December 4, 2014

We have now been on the glacier for over 2 weeks, and the work is going in full swing. Weather has been kind (knock on wood), with much less wind so far than last season.

Once again, we are lucky to have a fantastic team – the most important single factor that determines the success or failure of a season. Returning Taylor Glacier veterans include Ed Brook (OSU faculty and co-PI on the project), Thomas Bauska (OSU post-doc), Mike Jayred (IDDO driller), Michael Dyonisius (UR PhD student) and myself. New to the glacier are Kathy Schroeder (our camp manager), Andy Menking (OSU PhD student), Rachael Rhodes (OSU postdoc), Sarah Shackleton (SIO PhD student) and Jake Ward (recent UR graduate). Sarah and Jake are completely new to polar fieldwork, and both have adjusted extremely well to life on the glacier with all its particulars, such as sleeping in the cold and 24-hr daylight.

 

Jayred (in back) brings the drill sonde up to the surface as Jake prepares to help.

Jayred (in back) brings the drill sonde up to the surface as Jake prepares to help.

Michael (wearing Tyvek suit) crawls inside the large ice melter to install the bubbler manifold.

Michael (wearing Tyvek suit) crawls inside the large ice melter to install the bubbler manifold.

Vas trims the ends of large ice cores prior to loading in the ice melter.

Vas trims the ends of large ice cores prior to loading in the ice melter.

Overall, progress has been good. We were off to a good start with the BID drill, our smaller ice drill system (Sidewinder), as well as making methane measurements on small ice samples for reconnaissance purposes with the gas chromatograph system (GC). The large ice melter system we use to collect samples for carbon-14 analyses of ancient methane was slower to get going because of a persistent leak. The large ice melter has to be extremely leak tight and hold a good vacuum in order to avoid contaminating our ancient air samples with modern air that contains a higher level of carbon-14 and methane. After extensive testing, the leak was finally traced to a poor seal on our viewport, and both the o-ring and the viewport glass were replaced, which solved the problem. Work on the leaks and the test run pushed us into some very long hours, which included I think a new record for this system – a 20-hr work day! We have by now collected our first full sample, extracting approximately 12,500 year old air from about 1100 kg of ice and also collected a full procedural test sample, which helps us to determine the effects of any non-sample (“extraneous”) carbon that is added during the many stages of sample processing and preparation.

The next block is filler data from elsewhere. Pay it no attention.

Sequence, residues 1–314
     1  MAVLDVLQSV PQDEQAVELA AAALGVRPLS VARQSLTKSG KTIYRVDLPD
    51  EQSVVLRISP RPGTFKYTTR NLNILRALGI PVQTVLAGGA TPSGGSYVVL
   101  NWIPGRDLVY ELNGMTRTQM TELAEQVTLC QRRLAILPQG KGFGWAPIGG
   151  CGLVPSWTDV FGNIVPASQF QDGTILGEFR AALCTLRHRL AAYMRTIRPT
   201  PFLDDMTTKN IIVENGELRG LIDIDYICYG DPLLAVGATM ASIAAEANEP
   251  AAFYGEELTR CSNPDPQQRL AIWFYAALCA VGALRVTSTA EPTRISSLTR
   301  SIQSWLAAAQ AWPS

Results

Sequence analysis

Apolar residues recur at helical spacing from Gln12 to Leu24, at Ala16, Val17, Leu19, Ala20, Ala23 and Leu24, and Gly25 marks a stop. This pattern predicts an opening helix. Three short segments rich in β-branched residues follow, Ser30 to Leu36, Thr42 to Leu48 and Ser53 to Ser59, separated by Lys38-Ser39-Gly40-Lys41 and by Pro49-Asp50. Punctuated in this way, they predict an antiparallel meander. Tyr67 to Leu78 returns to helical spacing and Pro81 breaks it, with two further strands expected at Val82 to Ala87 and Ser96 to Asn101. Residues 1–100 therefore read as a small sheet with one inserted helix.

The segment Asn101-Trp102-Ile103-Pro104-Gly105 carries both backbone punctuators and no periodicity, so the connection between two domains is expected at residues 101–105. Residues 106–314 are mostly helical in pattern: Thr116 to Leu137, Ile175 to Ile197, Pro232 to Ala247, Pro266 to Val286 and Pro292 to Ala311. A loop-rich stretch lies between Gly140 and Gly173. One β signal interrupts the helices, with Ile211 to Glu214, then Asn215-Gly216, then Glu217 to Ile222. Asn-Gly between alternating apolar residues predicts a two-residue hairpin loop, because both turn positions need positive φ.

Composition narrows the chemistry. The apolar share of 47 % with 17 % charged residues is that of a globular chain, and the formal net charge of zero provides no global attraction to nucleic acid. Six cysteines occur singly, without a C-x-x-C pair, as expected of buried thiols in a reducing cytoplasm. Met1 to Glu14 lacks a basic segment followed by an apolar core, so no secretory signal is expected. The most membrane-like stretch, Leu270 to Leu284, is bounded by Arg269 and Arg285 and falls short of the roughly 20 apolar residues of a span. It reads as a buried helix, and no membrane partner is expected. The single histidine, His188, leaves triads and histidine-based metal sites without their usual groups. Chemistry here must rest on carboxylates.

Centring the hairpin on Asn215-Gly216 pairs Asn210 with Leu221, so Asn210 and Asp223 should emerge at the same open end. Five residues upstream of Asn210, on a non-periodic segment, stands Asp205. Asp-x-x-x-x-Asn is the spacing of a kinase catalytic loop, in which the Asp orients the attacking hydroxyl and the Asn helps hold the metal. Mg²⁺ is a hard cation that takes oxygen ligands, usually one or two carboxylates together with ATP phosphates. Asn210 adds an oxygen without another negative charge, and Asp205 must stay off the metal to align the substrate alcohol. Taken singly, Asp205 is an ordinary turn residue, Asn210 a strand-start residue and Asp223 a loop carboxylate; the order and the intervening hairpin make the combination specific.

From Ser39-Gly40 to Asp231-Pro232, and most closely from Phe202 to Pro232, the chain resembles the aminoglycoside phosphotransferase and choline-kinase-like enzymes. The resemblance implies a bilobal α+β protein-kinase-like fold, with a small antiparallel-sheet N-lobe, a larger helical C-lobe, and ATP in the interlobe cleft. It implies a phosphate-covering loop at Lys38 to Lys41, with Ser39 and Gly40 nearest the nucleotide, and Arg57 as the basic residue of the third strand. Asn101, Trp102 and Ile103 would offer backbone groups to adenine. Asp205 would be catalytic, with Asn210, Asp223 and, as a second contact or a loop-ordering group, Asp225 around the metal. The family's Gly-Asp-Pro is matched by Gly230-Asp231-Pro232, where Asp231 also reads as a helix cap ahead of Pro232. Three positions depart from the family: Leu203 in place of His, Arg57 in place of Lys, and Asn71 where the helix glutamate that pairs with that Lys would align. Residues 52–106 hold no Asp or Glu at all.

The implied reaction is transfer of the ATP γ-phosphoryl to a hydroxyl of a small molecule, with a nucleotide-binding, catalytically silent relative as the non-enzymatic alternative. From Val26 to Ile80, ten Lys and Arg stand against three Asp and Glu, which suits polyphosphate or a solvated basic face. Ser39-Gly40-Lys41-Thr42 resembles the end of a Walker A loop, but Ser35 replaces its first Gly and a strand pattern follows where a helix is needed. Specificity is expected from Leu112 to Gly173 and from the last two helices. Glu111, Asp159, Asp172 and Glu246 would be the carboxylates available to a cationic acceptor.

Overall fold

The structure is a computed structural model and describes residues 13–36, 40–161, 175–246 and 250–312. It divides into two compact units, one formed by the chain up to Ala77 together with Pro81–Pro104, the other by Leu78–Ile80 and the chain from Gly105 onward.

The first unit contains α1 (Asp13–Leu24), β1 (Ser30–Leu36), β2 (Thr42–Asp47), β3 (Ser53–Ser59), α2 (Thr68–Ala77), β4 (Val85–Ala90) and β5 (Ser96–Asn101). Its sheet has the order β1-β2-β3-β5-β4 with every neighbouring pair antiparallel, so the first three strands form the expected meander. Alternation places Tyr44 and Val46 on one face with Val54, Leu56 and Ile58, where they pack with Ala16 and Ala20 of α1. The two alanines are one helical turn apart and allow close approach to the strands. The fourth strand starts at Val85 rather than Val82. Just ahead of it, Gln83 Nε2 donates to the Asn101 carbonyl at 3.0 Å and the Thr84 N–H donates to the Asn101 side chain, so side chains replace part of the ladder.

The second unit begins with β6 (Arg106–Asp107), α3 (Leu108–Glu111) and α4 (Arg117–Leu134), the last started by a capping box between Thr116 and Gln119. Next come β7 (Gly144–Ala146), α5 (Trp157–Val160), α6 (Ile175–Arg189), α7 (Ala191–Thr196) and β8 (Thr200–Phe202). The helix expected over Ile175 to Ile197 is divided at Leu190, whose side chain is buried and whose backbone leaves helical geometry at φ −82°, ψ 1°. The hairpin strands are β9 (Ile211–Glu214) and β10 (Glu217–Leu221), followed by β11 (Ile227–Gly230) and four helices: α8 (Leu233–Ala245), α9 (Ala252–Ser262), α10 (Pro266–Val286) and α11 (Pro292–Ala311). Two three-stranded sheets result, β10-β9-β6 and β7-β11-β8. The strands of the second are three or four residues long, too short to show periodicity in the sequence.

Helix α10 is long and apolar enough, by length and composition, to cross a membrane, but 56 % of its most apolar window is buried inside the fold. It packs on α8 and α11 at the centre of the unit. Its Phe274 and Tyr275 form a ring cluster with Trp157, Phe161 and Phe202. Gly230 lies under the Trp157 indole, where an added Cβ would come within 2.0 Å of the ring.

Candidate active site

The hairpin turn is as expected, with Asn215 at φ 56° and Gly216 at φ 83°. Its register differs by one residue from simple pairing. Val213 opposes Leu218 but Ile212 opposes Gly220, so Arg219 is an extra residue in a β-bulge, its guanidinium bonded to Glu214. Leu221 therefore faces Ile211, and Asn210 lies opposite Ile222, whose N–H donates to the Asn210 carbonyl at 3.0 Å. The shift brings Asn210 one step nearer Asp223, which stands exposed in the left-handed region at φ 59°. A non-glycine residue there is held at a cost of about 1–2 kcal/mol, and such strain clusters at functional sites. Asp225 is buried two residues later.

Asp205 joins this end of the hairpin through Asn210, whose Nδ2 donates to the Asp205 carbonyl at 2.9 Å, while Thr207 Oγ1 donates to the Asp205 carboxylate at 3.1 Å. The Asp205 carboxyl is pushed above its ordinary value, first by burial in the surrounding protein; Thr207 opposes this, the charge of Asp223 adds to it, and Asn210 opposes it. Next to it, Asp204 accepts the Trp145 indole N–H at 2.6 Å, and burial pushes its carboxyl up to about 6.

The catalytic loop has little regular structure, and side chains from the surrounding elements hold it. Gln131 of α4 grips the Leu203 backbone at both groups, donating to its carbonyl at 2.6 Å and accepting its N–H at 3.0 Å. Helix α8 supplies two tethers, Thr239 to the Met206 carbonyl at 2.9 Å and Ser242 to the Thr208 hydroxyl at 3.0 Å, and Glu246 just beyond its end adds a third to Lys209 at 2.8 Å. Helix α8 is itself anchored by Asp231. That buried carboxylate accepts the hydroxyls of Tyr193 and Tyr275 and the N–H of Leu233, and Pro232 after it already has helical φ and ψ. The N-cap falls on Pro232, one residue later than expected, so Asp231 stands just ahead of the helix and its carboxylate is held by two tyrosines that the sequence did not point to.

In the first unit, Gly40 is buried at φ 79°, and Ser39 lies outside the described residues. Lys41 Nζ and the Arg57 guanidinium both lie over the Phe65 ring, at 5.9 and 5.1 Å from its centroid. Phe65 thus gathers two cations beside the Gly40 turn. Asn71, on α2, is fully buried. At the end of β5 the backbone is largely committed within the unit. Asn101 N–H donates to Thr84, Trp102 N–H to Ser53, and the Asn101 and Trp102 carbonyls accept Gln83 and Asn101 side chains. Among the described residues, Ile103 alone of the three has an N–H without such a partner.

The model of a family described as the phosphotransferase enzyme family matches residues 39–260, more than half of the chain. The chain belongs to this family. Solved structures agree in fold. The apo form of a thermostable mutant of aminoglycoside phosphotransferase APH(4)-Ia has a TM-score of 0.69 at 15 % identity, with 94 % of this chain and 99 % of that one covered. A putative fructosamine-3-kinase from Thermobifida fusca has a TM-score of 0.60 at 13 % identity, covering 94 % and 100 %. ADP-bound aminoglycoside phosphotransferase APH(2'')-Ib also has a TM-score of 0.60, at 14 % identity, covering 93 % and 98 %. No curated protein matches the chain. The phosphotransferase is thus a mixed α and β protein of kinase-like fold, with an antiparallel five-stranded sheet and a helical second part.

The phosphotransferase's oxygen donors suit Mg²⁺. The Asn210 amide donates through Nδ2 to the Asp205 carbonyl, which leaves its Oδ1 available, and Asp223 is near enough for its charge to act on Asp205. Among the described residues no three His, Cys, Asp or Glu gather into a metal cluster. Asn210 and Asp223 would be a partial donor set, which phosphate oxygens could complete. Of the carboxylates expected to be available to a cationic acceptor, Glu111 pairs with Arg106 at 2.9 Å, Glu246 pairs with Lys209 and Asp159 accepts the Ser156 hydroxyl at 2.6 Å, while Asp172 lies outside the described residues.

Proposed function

Ed, Thomas and Rachael removing a heating element from the spare GC.

Ed, Thomas and Rachael removing a heating element from the spare GC.

Ed and Thomas cutting the ice sticks for the continuous melter system on a bandsaw.

Ed and Thomas cutting the ice sticks for the continuous melter system on a bandsaw.

Stick of ice being melted on a clean gold-plated warm plate.

Stick of ice being melted on a clean gold-plated warm plate.

Ed and Rachael have worked stoically to get the continuous methane measurement system going. This is a new system for us at Taylor Glacier, and is designed to allow for methane measurements on a stick cut from the ice core. The stick is melted slowly on a warm plate, and part of the meltwater (and with it the ancient air) is siphoned off through a small orifice in the middle of the warm plate. The gases are then separated from the water and the methane concentration is analyzed using a laser spectrometer. When this system works well, it can produce a very high resolution methane record extremely fast, and would be a very powerful tool for our methane-based studies of the ice layer stratigraphy and identification of ice that we want to sample for carbon-14 analyses. Unfortunately, some of the heating elements used in the warm plate were damaged during the initial system setup. Ed and Rachael have been extremely resourceful in trying to solve this problem and were able to adapt the warm plate to take a different-size heating element from the spare GC system. The system is now working well and producing excellent-quality continuous data for methane concentration.

Andy with the methane GC system

Andy with the methane GC system

The methane GC system has been working very well from the start and Andy has produced excellent data on ice samples that Thomas and Sarah recovered with the Sidewinder system. So far these measurements have allowed us to very clearly identify the ≈18,000 year old ice section that contains the very start of the atmospheric methane increase from the low concentrations of the Last Glacial Maximum. The GC data have also identified the large rapid atmospheric methane oscillation (decline and subsequent increase) that happened at around 8,200 years ago, when a large burst of water from the melting North American ice sheet slowed down the warm water circulation in the North Atlantic and caused widespread cooling. Both of these time intervals contain important clues to how the natural atmospheric methane cycle works and are targets for our large-volume carbon-14 sampling.

Kathy has been working tirelessly on setting up and maintaining our camp, and keeping us all fueled with her amazing cooking. Thanksgiving dinner (which we had last Sunday) was outstanding!

-Vas

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